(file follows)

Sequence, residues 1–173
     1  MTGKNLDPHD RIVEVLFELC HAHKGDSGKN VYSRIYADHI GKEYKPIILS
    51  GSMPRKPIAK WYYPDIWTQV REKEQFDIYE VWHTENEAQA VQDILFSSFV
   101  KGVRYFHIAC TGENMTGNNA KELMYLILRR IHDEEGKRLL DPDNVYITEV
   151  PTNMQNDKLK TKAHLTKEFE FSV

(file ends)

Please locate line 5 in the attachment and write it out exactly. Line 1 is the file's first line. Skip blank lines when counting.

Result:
   151  PTNMQNDKLK TKAHLTKEFE FSV